popupMessage();
            sendData(); //the ajax calls are all in here

            // consider reloading somewhere else
});

$(document).bind("ajaxSend", function () {
            console.log("waiting for all requests to complete...");
            // ajaxStop (Global Event)
            // This global event is triggered if there are no more Ajax requests being processed.
}).bind("ajaxStop", function () {
            // maybe reload here?
            location.reload();
});

function popupMessage() {
            alert("Pop!");
}

function sendData() {
        //a bunch of these:
        $.ajax({
            "dataType": "text",
                "type": "POST",
                "data": "temp",
                "url": "your url here!",
                "beforeSend": function (msg) {
                    console.log("1-sending...");
                },
                "success": function (msg) {
                console.log("1-success!");
                sendData2(); // again
            },
                "error": function (msg) {
                console.log("1-error!");
            }
        }).done(function (msg) {
            console.log("1-done!");
        });
}

function sendData2() {
        //a bunch of these:
        $.ajax({
            "dataType": "text",
                "type": "POST",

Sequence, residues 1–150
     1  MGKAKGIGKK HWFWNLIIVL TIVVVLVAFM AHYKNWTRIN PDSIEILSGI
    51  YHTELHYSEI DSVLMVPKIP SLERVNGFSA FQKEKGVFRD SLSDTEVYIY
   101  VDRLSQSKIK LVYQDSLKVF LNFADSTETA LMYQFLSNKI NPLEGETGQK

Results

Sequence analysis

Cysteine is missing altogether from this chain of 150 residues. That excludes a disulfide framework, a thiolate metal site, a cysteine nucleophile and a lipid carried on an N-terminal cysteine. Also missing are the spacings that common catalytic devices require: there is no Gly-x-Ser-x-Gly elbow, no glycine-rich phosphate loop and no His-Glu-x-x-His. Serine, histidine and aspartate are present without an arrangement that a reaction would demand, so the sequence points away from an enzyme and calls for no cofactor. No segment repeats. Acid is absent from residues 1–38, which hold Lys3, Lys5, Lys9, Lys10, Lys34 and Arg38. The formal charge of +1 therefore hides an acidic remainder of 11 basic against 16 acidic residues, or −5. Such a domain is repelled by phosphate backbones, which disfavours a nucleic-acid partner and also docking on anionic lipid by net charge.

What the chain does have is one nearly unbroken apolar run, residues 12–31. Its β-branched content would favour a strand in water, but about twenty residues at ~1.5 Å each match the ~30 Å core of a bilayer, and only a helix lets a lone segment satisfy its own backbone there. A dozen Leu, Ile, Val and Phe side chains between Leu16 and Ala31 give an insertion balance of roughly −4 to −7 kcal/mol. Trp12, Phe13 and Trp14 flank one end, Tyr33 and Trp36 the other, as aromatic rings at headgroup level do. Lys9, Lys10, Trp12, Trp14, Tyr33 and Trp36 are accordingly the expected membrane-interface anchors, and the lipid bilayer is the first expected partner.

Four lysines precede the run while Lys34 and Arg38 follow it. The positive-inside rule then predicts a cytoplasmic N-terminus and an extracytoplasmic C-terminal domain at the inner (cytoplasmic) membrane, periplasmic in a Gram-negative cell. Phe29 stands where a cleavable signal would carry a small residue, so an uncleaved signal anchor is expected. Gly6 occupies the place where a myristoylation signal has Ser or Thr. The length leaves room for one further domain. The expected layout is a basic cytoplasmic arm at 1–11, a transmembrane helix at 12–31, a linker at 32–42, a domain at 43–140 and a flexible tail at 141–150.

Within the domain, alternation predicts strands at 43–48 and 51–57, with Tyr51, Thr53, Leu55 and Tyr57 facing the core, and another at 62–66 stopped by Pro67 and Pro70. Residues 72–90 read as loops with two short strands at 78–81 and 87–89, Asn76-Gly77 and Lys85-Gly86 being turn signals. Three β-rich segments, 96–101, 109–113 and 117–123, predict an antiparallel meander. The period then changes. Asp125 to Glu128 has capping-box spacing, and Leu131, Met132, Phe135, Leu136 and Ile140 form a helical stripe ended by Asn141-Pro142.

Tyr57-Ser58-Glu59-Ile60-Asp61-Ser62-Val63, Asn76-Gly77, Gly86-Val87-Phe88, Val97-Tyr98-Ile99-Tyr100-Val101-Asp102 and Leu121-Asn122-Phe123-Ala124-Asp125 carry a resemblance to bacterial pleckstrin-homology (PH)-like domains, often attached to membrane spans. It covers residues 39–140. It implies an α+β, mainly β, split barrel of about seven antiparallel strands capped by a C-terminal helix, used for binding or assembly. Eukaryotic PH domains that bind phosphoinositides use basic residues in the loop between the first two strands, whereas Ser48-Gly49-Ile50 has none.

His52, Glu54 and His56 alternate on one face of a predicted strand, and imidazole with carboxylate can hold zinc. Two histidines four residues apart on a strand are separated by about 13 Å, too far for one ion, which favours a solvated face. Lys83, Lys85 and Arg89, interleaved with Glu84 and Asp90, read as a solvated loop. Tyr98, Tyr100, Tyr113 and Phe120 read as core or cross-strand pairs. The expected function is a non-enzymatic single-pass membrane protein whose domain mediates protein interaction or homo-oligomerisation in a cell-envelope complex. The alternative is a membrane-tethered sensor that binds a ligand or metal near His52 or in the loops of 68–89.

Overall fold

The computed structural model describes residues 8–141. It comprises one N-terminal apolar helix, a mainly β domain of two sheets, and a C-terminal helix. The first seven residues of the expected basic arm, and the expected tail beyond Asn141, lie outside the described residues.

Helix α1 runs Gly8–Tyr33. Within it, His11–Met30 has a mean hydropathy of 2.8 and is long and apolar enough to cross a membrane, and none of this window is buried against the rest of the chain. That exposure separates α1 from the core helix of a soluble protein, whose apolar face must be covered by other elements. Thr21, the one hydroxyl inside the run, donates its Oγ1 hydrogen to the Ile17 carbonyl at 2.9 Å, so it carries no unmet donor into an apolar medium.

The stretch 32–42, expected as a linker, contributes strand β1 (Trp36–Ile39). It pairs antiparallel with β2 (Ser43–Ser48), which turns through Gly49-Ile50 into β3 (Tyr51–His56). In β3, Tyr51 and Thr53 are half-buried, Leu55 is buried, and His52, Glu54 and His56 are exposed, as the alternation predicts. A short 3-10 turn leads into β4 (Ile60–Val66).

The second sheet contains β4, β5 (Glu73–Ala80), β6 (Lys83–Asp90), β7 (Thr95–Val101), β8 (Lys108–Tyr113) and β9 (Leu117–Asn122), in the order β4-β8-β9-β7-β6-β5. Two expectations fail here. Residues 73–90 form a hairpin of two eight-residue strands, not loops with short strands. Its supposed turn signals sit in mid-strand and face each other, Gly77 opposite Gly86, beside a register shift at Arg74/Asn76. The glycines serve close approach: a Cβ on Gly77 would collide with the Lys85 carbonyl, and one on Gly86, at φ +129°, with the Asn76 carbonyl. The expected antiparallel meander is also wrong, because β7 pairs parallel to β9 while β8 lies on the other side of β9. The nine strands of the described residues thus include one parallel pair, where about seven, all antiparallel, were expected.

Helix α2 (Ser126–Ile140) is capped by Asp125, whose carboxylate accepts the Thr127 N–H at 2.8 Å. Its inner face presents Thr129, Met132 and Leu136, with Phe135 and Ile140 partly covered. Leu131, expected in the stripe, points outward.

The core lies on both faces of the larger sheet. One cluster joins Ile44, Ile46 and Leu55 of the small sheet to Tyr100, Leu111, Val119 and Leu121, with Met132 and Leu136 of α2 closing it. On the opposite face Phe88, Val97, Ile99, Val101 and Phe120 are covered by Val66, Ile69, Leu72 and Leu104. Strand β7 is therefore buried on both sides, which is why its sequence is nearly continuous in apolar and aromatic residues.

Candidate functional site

"data": "temp",
                "url": "your url here!",
                "beforeSend": function (msg) {
                    console.log("2-sending...");
                },
                "success": function (msg) {
                console.log("2-success!");
            },
                "error": function (msg) {
                console.log("2-error!");
            }
        }).done(function (msg) {
            console.log("2-done!");
        });
}

PS. Not sure if it's a good practice or not to make another request from within a request, probably not. But I put it there to show how "ajaxStop" event is delayed to be triggered until all ongoing requests are done(or completed with error at least)...

share|improve this answer

it depends on way you do your requests For example (you don't do form submit. Otherwise you need prevent form submission)

$.ajax({
   url: 'some_url',
   type:    'GET',
   data: 'var1=value1&var2=value2',
 success: function(){
   //do smth
 },
 error: function(){
   alert(w.data_error);
   document.location.reload(); 
 }
 complete: function(){ //A function to be called when the request finishes (after success and error callbacks are executed) - from jquery docs
   //do smth if you need
   document.location.reload(); 
 }
});

Take a look onto complete block

share|improve this answer
    
Thanks for your response! I've tried using the "promises" such as the "done" and "complete" callbacks as described above, but the blocks of code are never executing or are being cut off by the reload. –  user2030173 Jan 31 '13 at 18:59
    
how do you do your requests? –  Jarek Jan 31 '13 at 19:03
    
exactly how you have in the example above –  user2030173 Jan 31 '13 at 19:05
    
move string location.reload(); into complete section of ajax and add string: return false; (into click button handler. It'll prevent page reloading) –  Jarek Jan 31 '13 at 19:08
    
wouldnt putting the reload method in the complete function callback for an ajax call reload the page on the first call though? –  user2030173 Jan 31 '13 at 19:11

This would help;

$("body").load("default.aspx");

Description: Load data from the server and place the returned HTML into the matched element. http://api.jquery.com/load/